Our macro specialist is done with China for now … glaring U.S. dependence … how a “retooling” of the U.S. economy will create investment wealth
Say farewell to China.
Back in August, our macro investing specialist, Eric Fry, recommended that his Speculator subscribers make a complete exit from all China-based positions.
This was a sharp reversal.
After all, Chinese plays have produced some solid winners for Speculator subscribers in recent months.
There was the nearly-150% winner from Daqo New Energy … 73% from Baidu … and 138% gains on a portion of their Vipshop trade.
And looking broader, what about the overall China growth story?
You’ve certainly heard about the rise of the Chinese economy. Data released by the World Bank and IMF predict it will overtake the U.S. economy within the next four years.
So, what’s behind Eric’s sudden hardline against Chinese investments?
From a Speculator update back in August:
During the last few weeks, Chinese stocks have become acutely sensitive to headline risk.
With each passing day, new headlines cross the wires about rising hostilities between the United States and China … or about Chinese stocks getting the boot from U.S. stock exchanges … or about the enormous national security risk the Chinese social media app TiKTok poses … or about America branding most of China’s territorial claims in the South China Sea as “unlawful.”
And let’s not forget the ongoing barrage of headlines about Huawei, the powerhouse Chinese telecom company …
Not only do these disturbing headlines never end, but they are becoming more numerous by the day …
The barrage of bad headlines is creating a stiff headwind for Chinese stocks, while also raising the odds of a “Black Swan” event that puts severe downward pressure on them.
Given this heightened risk, Eric recommended a complete exit of all Chinese positions.
As you’ll read today, there’s a growing awareness of U.S. dependence on China for all sorts of goods and services. As relations between the two countries grow icy, this dependence is becoming a vulnerability that the U.S. government wants to address.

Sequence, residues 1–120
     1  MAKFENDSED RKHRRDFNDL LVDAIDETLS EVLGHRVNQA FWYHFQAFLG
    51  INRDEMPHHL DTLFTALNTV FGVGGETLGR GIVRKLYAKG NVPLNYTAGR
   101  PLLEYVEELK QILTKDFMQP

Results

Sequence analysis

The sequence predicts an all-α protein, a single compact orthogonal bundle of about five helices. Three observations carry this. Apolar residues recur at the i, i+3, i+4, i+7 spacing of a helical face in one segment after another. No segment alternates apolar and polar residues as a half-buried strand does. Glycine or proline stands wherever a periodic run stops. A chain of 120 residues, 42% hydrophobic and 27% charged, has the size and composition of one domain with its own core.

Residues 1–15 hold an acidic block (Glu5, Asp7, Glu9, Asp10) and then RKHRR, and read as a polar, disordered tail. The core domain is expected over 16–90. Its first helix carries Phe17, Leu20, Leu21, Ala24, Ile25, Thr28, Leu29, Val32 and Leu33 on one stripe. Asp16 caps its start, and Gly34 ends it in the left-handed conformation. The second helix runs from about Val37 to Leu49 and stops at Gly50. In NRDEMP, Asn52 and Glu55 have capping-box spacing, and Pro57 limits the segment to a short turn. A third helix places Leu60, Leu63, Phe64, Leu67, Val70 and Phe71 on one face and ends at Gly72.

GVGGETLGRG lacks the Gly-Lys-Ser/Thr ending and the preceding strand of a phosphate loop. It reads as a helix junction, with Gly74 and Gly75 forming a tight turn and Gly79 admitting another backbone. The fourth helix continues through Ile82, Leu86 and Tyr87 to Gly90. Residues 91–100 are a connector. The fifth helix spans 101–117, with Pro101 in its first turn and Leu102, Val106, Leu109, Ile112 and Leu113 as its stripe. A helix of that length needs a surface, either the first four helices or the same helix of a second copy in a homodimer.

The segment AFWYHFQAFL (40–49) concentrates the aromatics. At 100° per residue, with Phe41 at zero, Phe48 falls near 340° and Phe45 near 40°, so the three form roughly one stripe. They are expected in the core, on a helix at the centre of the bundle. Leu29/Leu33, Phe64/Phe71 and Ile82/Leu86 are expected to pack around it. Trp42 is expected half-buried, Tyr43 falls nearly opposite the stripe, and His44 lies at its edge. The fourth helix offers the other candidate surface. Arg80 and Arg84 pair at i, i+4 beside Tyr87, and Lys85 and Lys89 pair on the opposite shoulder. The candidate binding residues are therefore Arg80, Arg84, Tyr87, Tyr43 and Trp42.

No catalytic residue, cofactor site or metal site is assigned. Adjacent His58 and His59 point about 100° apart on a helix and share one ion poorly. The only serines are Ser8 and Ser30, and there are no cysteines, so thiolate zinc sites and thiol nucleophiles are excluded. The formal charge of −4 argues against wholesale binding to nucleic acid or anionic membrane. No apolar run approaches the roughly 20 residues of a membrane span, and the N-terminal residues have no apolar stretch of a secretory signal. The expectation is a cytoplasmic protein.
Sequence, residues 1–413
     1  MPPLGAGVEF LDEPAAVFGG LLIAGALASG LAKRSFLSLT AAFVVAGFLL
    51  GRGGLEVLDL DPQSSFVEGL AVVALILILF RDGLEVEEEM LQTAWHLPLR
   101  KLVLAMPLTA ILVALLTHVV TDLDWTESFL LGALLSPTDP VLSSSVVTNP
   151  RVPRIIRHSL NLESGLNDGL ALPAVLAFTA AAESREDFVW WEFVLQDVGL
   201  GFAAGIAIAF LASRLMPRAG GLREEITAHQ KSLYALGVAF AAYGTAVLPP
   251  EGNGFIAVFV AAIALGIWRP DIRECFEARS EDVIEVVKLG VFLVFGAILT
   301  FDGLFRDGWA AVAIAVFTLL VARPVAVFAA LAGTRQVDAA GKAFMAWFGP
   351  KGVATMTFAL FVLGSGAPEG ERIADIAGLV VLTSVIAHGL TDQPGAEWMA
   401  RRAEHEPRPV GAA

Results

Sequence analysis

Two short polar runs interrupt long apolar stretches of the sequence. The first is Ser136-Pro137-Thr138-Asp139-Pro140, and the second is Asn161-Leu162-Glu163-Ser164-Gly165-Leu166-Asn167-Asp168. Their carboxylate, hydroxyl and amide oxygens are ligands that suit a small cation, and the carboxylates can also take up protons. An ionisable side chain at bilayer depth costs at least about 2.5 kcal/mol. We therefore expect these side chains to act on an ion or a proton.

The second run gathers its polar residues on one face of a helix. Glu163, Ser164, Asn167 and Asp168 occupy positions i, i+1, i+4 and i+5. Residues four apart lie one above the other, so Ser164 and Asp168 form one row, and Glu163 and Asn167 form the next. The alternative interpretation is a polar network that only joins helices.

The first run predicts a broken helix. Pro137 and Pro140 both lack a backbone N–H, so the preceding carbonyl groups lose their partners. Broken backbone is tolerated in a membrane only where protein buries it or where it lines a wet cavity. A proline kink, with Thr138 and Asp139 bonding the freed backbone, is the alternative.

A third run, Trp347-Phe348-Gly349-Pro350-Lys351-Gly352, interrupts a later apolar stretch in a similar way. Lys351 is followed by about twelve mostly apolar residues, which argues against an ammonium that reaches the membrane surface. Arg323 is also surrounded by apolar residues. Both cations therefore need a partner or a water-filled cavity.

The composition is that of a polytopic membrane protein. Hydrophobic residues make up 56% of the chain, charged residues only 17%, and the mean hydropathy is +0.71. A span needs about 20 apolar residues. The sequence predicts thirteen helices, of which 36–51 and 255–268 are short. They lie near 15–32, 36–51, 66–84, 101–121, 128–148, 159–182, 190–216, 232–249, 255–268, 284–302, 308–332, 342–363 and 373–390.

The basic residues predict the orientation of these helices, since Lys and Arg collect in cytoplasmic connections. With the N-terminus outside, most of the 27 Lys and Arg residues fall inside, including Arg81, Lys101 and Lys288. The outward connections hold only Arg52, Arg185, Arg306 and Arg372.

Today, let’s turn to Eric’s Smart Money update from last week to see how we got here.
We’ll then look at three sectors that Eric believes will see billions of dollars in investment capital as the U.S. retools its economy to regain some economic independence from China.
Let’s jump in.
***A rapid and controversial ascendency
Eric picks up on the China-story in the 1990s, when the country rejoined the global economy. He notes that since then, it has been doing everything it can do get an edge over the United States, as well as the rest of the Western world.
In many ways, it has succeeded.
China did so by subsidizing many of its industries and allowing them to run at a loss so they could undercut and destroy U.S. factories, jobs, and vital industries.
For example, did you know that 80% of the antibiotics we consume in the United States come from China?
Did you know that we can’t make penicillin anymore in the United States? Chinese producers sold it at such low prices that they drove out all the domestic producers.
To illustrate Eric’s point, we need look back no further than 2018.
To help offset a slowing economy, subsidy payments by Beijing and local governments to listed Chinese companies rose 14% year-on-year to $22.3 billion. That was a record level.
And on the topic of U.S. reliance on Chinese medicine manufacturing, The Wall Street Journal reported in August how China makes about 70% of the acetaminophen used in the U.S.
That posed a problem this spring when there was a shortage of the drug as Chinese factories and exports shut down during that country’s quarantine.
From the WSJ:
Other important pharmaceutical ingredients made in China include the blood anticoagulant heparin, of which 80% of the global supply is made in China, and even higher levels of the world’s antibiotics, according to estimates from industry experts at the Council on Foreign Relations …
The WSJ went on to state “some Chinese political thinkers have become more vocal about advocating the use of medical supplies for political advantage.”
***This reliance on China for drugs reveals a weak spot in the U.S. economy, but the growing iciness between the countries is rooted in something else
Simply put, much of the economic tension between the U.S. and China stems from theft.
Back to Eric:
… you have more than a decade of theft of valuable American intellectual property … things like blueprints, computer codes, business plans, and proprietary formulas.
A recent survey showed more than 20% of North American companies believe China has stolen intellectual property from them.
It’s estimated that China has stolen more than $1 trillion worth of U.S. intellectual property!